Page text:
June is National Headache and Migraine Awareness Month. Migraines may include the following symptoms:

  • Blurred vision

  • Light and sound sensitivity

  • Nausea

  • Disrupted vision

In addition, some migraines are resistant to over-the-counter pain management medications.

While migraines can only be diagnosed by medical experts, practitioners in the mental health profession are becoming more aware of causative factors. Specifically, despite the widely-accepted theory migraines originate strictly from biological sources, research now indicates elements of mental health, such as trauma, may also contribute.

Consider the following: migraines “may be tied to the same neurochemical conditions associated with trauma, depression, and anxiety.” 1

In addition, migraines can also be induced by stress responses in overdrive or emotions that have historically been repressed. Last, those reporting higher levels of emotional and/or childhood abuse were “50% more likely to report being diagnosed with a migraine.” 2

If you or a loved one currently experiences migraines, medical professions can provide accurate diagnosing along with medication prescriptions. In addition, mental health professionals may be able to better assist with other contributing factors


According to the World Health Organization, mental health disabilities are increasing globally. This augmentation includes a boost in substance use disorders, which means more people are consuming alcohol and/or other narcotics. In the United States alone, recent statistics indicate 22% of adults suffer from depressive symptoms. Further statistics suggest one in every four adults in the United States experience a diagnosable mental health condition in a given year.


The following activities are helpful to combat the ever-growing mental health epidemic:

  • Maintaining physical health, which includes eating healthily as well as keeping active. In fact, studies indicate exercise increases dopamine for up to two hours following activity.

  • Staying connected socially

  • Helping others

  • Reaching a mental state of flow. Flow is defined as being completely absorbed in and focused on an activity.

  • Asking for help; a.k.a. talking to someone

Talking with a trained mental health counselor can also help. To speak to a counselor on staff at Butterflies Prospering Wellness Co., contact admin@butterfliesprosperingwellness.com or call 254-213-9348.

March is National Disability Awareness Month. In general, disabilities can be divided into four categories:

  1. Physical: disabilities thwarting regular body movement and control; i.e. cerebral palsy and spina bifida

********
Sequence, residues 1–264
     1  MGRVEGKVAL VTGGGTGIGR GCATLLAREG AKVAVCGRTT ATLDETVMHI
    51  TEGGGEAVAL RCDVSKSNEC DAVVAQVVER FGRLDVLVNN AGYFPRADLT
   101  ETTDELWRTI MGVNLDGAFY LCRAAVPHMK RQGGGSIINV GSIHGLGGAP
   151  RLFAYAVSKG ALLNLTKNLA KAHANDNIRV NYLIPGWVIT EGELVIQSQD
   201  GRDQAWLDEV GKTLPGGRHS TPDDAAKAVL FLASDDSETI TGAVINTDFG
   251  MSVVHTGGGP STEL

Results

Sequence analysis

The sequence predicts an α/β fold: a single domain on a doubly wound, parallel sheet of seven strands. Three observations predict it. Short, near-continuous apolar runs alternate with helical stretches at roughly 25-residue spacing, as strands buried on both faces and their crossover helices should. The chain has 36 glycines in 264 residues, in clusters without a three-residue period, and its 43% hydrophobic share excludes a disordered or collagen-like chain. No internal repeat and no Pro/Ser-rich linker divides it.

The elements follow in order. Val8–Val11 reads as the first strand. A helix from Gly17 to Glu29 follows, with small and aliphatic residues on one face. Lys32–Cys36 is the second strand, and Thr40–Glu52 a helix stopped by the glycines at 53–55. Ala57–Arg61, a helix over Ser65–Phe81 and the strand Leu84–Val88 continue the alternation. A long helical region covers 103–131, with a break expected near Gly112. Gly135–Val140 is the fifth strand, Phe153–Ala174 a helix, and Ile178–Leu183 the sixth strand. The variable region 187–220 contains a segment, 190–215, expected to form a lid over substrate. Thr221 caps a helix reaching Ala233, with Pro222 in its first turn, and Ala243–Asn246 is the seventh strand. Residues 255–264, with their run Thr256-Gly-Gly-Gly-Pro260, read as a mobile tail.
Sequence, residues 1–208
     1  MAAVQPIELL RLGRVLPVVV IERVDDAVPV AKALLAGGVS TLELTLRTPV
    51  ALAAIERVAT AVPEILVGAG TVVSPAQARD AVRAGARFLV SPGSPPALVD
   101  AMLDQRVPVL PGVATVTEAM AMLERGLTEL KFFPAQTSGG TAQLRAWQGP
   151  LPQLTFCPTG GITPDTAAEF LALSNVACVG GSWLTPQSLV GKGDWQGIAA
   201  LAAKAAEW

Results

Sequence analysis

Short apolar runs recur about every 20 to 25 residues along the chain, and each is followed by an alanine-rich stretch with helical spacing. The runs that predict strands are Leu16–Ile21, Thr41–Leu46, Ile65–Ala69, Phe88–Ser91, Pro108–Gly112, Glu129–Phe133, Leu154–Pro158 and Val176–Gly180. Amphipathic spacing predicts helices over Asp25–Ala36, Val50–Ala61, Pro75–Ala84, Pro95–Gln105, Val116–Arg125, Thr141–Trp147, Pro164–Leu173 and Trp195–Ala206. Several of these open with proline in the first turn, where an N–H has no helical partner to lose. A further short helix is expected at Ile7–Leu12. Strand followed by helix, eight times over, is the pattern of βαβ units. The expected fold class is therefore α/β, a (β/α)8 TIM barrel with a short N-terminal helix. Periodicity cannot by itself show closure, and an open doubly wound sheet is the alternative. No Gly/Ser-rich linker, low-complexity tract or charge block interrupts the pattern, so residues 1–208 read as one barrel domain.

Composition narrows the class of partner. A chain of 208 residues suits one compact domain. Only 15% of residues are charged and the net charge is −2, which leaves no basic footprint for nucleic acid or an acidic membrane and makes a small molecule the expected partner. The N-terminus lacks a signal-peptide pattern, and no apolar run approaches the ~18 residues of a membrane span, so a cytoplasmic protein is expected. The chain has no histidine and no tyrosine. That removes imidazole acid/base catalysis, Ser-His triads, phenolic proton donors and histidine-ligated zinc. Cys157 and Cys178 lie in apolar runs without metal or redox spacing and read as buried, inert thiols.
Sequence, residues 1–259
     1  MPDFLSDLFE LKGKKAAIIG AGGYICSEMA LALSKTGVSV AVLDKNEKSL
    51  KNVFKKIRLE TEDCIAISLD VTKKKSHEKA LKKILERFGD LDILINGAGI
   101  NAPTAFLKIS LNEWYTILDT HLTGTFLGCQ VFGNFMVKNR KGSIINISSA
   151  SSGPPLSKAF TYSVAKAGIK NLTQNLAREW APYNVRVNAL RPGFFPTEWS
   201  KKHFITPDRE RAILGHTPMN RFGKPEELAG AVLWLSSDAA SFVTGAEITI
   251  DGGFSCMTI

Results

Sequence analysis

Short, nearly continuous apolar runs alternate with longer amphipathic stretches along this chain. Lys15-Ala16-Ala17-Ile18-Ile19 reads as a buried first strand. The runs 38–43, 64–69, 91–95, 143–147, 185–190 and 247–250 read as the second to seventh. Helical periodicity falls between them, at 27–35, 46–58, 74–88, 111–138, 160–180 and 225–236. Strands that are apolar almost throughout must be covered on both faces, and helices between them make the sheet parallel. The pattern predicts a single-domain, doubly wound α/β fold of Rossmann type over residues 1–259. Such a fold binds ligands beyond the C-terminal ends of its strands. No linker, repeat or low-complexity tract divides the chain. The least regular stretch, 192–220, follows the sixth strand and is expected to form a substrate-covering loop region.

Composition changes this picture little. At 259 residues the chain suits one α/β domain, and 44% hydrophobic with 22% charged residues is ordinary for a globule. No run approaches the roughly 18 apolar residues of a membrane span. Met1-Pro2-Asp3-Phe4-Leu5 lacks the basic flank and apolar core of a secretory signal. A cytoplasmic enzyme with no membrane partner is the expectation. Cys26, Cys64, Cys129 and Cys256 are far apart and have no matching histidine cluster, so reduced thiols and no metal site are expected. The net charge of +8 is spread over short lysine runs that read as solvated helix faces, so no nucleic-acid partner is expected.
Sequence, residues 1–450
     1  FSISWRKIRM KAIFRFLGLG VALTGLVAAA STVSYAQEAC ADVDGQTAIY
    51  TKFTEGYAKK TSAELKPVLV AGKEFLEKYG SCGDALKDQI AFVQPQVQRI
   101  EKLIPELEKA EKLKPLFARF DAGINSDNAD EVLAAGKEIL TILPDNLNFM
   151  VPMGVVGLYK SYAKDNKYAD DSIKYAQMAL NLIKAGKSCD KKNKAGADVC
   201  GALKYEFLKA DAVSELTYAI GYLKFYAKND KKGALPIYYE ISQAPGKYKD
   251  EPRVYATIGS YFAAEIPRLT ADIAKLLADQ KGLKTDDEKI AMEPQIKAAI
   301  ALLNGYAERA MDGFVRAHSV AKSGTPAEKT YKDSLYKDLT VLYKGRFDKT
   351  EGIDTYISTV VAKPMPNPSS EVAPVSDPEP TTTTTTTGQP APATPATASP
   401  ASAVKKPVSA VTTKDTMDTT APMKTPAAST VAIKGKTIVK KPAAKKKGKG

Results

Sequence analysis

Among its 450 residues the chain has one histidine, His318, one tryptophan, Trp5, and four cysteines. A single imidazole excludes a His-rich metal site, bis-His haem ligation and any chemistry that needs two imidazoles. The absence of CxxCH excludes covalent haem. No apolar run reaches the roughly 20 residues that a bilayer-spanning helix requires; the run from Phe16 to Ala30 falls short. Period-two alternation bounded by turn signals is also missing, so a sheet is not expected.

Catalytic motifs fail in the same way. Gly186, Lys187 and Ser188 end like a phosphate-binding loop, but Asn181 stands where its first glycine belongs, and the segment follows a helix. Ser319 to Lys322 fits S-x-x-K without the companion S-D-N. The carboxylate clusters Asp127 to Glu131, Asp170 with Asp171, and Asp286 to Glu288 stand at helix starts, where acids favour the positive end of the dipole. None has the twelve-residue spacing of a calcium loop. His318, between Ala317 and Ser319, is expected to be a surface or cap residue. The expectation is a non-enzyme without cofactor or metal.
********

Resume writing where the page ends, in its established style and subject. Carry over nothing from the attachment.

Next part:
2. Developmental: disabilities originating from mental and/or physical impairments; i.e. autism spectrum disorder

  3. Behavioral or emotional: disabilities that hinder learning and/or building or maintaining interpersonal relationships; i.e. bipolar and attention deficit disorder

  4. Sensory: disabilities obstructing one or more senses; i.e. visual and/or auditory impairment

As society becomes more aware of special needs, recognition of and language surrounding those with impairments has changed. Generally speaking, speech trends surrounding limitations have become more positive rather than negative.

For instance, language emphasizing a person’s lack or inability has been replaced with labels indicating giftedness or uniqueness. An example of this shift would be recognizing someone as a “person using a hearing device” rather than identifying him or her as “deaf.” This linguistic change also accentuates a person’s abilities rather than disabilities.

 

Living disconnected from those with differing abilities does not benefit either party.

 

Connecting with others who have differing abilities also develops empathy. For example, a friend whose son is autistic recently began visiting a family whose daughter deals with cerebral palsy. The son began playfully using the daughter’s wheelchair, and my friend asked her parents if this behavior was acceptable. They stated it was and that they did not mind if her son navigated the wheelchair. My friend later realized her son’s use of the device presented opportunities for empathy by allowing him to perceive life from that of someone with cerebral palsy.


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